I, Joy Kirr, am a middle school teacher, author, and speaker. My 7th grade ELA (English Language Arts) classes are working to improve their lives through student-directed learning - without marks throughout the year. This is a log of my learning experiences... Want to have me speak with your staff or facilitate a workshop? Here is my PORTFOLIO.

Sunday, May 30, 2021

The Book of Joy

This book is my latest opportunity to learn about how to have better mental health during this time of teaching in a pandemic.

My personal notes from this book are here.

What are my key take-aways?

Life is full of struggle. Make of it what you can. Do your part. Enjoy the journey by being present in each moment; experience it all fully.

Gratitude & Compassion - these will get you far.

I make a practice of #ThankfulThursdays with my students; I'm going to find a way for us to practice compassion once a week, as well! We need more compassion in this world, and it starts with us.

Sunday, May 9, 2021

I'm not giving them my best. Or... I AM giving them my best.

 *Note: This post is simply for my own documentation. It will not inspire readers. 

One of my students, Zoe, asked me what the white cubbies (that are currently on the floor) are used for. I explained that they used to be on the desk, and they used to hold our binders. When students came in the door, they grabbed their binder, then sat down. When they left, they put their binders back in the cubbies. I had just purchased this item from IKEA the February before we went into lockdown last year.

"You had that on you DESK?" Zoe asked.

"Yes. I never sat at my desk. It was the student station." I explained that the desk was for student supplies, such as markers, rubber bands, paperclips, the stapler, the hole puncher, tape, decorations for the room, envelopes, tools, bandages, needle & thread... anything a student or another teacher might need. And students could sit there. I never sat there. I moved around the room. I taught from all over the room.

"Oh," is all she replied, as it seemed to sink in.

The students in front of me - and those on my screen - don't know how I normally teach. They don't know that I hate sitting in a chair all day. They don't know that I used to have 1:1 conversations with my students each day - about their book, about their writing, about their participation, about their behavior, about how proud I am of them, about how I noticed their new shoes, etc. I'm tethered to the laptop. I feel as if I cannot leave my remote students, or I will lose them completely.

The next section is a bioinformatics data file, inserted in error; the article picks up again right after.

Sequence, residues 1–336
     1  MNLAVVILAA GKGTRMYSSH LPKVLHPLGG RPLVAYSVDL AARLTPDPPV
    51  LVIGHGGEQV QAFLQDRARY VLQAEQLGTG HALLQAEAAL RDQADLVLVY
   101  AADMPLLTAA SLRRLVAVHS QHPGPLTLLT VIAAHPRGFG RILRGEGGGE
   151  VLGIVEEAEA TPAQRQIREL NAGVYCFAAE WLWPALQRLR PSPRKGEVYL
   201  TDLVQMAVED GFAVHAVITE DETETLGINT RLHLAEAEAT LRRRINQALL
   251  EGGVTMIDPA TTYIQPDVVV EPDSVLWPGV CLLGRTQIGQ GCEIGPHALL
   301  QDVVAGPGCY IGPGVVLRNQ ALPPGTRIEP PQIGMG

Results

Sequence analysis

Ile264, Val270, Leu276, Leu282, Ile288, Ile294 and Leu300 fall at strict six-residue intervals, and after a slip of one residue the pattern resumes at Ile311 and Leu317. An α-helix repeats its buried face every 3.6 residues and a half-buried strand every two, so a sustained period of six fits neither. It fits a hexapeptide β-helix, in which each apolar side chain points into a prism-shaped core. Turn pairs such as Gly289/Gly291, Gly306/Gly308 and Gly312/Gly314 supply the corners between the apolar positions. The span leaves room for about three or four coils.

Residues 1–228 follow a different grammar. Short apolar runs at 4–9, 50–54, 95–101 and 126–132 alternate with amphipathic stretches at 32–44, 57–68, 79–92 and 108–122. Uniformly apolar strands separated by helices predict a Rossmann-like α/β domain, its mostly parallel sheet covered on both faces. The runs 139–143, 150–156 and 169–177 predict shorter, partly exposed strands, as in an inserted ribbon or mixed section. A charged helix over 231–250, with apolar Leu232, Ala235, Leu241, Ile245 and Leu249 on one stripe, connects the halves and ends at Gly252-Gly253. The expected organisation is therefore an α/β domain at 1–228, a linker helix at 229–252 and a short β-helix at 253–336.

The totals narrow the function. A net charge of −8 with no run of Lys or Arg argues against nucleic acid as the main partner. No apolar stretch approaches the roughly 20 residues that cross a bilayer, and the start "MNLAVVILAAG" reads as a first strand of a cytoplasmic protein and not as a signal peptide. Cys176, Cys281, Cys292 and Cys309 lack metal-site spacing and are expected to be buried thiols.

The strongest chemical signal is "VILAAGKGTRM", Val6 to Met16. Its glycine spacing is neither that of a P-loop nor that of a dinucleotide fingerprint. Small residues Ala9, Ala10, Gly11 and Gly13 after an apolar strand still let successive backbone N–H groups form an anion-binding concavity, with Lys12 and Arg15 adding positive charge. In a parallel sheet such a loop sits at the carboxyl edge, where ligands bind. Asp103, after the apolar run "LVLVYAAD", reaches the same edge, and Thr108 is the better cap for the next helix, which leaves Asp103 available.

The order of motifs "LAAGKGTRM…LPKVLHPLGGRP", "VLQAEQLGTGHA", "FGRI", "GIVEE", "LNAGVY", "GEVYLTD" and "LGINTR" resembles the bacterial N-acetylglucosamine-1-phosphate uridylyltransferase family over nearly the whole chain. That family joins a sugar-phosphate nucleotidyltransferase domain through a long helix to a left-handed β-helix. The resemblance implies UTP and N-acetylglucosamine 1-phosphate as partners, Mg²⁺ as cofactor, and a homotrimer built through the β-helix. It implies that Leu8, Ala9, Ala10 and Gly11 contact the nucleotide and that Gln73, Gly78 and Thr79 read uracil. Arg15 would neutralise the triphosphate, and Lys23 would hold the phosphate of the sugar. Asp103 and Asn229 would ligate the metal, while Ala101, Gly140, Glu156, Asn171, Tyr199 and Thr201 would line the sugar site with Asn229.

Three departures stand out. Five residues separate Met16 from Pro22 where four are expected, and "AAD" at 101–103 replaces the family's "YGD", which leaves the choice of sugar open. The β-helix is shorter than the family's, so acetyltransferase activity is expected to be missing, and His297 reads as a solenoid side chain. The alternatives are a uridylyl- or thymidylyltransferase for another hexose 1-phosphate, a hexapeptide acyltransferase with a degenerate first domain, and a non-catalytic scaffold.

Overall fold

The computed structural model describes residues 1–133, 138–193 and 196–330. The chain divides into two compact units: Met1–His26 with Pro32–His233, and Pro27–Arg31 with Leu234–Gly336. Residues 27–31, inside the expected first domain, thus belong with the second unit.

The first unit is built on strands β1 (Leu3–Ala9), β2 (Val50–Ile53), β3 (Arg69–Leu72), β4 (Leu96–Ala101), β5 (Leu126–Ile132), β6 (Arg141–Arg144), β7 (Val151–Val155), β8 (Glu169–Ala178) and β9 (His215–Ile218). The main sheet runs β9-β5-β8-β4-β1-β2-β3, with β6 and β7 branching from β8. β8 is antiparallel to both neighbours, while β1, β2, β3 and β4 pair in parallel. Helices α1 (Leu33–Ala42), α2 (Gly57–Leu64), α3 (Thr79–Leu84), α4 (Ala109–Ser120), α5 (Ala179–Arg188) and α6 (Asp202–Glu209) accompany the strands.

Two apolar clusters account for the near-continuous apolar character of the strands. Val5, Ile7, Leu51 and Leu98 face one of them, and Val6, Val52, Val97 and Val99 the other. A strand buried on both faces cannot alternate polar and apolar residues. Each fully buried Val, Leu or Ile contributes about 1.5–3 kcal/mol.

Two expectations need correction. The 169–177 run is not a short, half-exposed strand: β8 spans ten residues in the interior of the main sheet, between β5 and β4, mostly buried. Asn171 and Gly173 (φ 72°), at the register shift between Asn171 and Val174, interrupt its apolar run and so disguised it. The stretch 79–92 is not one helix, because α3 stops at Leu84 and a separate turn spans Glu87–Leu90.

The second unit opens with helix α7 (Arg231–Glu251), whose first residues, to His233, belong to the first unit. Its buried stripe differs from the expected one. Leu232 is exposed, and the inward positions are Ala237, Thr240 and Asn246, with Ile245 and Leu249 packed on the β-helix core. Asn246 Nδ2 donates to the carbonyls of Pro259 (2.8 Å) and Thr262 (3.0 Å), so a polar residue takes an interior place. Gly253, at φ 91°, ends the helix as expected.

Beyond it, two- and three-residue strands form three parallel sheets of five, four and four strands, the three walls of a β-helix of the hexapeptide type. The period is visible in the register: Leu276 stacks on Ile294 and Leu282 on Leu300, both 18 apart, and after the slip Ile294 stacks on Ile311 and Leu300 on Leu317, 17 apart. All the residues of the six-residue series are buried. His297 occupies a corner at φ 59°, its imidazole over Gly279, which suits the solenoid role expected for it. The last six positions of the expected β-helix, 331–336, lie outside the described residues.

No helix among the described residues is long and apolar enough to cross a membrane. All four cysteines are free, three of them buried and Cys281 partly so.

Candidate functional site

I am not the teacher I have been in the past. I'm not giving them my best. Because I cannot. It is physically impossible with the hand we've been given. I have to accept this. Some days I can; some days I'm full of anguish.

This year has been full of realizations. And I've learned so very much.

Just this April, I've realized students have had their earbuds in - during class. One of my students - who is doing fine in class - had to take out an earbud when I walked by and asked a question. I asked, "What are you listening to?" The response? "My music." I kept walking. This is not a fight I'm willing to put my energy into this school year. Students probably spent their remote time listening to their music (and many were playing games, too).

In March, I started seeing students who pulled down their mask to talk. How had I not seen this before? And then, in April, I started seeing the earbuds. How had I not seen this before? This year - I cannot see as well as I could in the past. I cannot hear as well as I could in the past. (The masks - oh, the masks!) Those not teaching don't understand this phenomenon. I do now. I know I've been blind and deaf to so much, because my mind and body can only handle so much. My brain was at capacity. I'm just now starting to be able to see and hear and DO more.

This is temporary. It's not my best teaching by far.  Yet I AM giving them my best - my best for now. Heck, we're in a pandemic. My hands have been tied for so many things. We're feeling the consequences of the rules we've been given. We're feeling the consequences of having to teach two classes each period. We're feeling the consequences of having to do two jobs at once - without any extra plan time or time with our colleagues. No wonder the kids aren't doing THEIR best. 

Happy Teacher Appreciation Week from one worn out teacher who is not feeling appreciated. I keep telling myself - this IS temporary.